Devyn Spence Benson

Assistant Professor of History and African and African American Studies, Louisiana State University

Biography

Spring 2015: Sheila Biddle Ford Foundation Fellowship

Not Blacks, But Citizens: Race and Revolution in Cuba

Project Description

Not Blacks, But Citizens: Race and Revolution in Cuba

Dr. Benson's project is a transnationally based history of the rhetoric, ideology, and lived experience of race and racism during the 1959 Cuban revolution and the early 1960s. Benson's manuscript tackles the question of how ideas about racial difference, racist stereotypes, and racially-discriminatory practices persist, survive, and reproduce themselves despite significant state efforts to generate social and racial equality. How can racism and equality exist together?  Benson explores these questions using the case study of the 1959 Cuban revolution and Fidel Castro’s public campaign against discrimination in the 1960s.  Pushing past existing scholarship that has established the persistence of racism in on the island, especially after the Special period crisis of the 1990s revealed sharp inequalities in contemporary Cuba, Benson shows that not only were early revolutionary programs ineffective in eliminating racism, but that they frequently negated their own anti-racist efforts by reproducing traditional racist images and idioms, especially in public representations of blacks in revolutionary propaganda, cartoons, and educational materials. Using newly released sources and the voices of Afro-Cubans whose lived experiences highlight the nuances of negotiating life as a peripheral citizen during the revolution, Benson's manuscript offers a way to reconcile stories of post-1959 black censorship with narratives of revolutionary opportunity and exposes the limits of state action—even a revolutionary state’s actions—to eliminate racial discrimination.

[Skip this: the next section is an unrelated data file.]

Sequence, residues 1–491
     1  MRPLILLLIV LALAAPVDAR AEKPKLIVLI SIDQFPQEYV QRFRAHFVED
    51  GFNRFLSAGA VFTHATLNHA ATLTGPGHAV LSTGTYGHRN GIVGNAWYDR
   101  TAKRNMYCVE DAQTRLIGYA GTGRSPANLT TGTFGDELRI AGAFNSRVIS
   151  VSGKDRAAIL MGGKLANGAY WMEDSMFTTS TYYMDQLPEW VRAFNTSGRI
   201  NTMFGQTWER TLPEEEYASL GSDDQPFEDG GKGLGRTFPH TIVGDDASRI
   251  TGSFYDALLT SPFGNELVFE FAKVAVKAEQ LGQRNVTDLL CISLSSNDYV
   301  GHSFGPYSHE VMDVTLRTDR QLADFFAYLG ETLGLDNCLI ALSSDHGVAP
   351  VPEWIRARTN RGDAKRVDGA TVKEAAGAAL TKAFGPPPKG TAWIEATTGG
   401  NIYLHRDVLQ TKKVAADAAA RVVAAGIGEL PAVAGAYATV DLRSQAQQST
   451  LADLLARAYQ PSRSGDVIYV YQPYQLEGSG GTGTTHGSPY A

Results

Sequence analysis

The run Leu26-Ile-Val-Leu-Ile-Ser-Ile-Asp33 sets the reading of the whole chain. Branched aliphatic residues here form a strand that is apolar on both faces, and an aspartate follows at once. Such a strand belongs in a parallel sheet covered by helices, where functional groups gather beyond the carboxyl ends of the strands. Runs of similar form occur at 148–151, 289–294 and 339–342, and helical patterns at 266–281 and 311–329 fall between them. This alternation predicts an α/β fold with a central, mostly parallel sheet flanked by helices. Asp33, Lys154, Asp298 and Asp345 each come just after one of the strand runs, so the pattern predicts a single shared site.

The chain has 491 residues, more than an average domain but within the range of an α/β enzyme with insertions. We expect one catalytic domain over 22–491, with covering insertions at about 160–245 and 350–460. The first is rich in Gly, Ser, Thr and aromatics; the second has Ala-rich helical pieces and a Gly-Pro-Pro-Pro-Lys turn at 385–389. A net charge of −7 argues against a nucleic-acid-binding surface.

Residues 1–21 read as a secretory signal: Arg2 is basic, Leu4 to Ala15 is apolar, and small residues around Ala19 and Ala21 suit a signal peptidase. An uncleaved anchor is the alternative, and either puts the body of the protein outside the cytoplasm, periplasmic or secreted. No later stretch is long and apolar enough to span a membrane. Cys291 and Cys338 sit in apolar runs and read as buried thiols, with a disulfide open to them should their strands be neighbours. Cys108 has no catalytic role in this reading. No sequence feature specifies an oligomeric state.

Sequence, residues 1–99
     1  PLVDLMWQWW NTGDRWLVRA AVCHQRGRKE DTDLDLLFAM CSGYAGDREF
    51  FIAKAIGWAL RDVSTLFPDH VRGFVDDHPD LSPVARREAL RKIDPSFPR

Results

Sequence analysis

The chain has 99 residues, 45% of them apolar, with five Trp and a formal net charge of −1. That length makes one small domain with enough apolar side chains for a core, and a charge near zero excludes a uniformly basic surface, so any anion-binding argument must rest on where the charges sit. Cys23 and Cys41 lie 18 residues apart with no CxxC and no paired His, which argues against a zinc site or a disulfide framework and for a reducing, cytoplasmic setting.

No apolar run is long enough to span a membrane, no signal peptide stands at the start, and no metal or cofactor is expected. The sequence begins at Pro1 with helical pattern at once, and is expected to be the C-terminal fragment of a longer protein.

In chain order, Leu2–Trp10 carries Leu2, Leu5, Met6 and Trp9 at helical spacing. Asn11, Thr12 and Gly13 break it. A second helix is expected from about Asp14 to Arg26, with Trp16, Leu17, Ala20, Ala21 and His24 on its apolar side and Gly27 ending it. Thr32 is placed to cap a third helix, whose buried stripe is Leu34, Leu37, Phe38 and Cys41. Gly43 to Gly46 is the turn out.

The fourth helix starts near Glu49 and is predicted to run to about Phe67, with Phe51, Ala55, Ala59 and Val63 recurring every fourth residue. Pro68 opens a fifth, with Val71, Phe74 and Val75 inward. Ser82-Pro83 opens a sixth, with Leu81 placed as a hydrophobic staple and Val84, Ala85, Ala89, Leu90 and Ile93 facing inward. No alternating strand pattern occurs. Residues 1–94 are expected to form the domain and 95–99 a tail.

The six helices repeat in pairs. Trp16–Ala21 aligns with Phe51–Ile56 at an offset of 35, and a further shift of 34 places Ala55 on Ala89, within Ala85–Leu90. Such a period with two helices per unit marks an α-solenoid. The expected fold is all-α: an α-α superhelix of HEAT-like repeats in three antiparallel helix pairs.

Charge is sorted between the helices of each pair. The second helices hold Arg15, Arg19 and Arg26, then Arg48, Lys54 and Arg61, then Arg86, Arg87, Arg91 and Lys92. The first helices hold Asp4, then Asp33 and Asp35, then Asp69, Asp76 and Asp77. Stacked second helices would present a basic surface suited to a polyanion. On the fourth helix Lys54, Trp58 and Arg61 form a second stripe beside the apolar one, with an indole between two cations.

Spring 2015: Sheila Biddle Ford Foundation Fellowship


 

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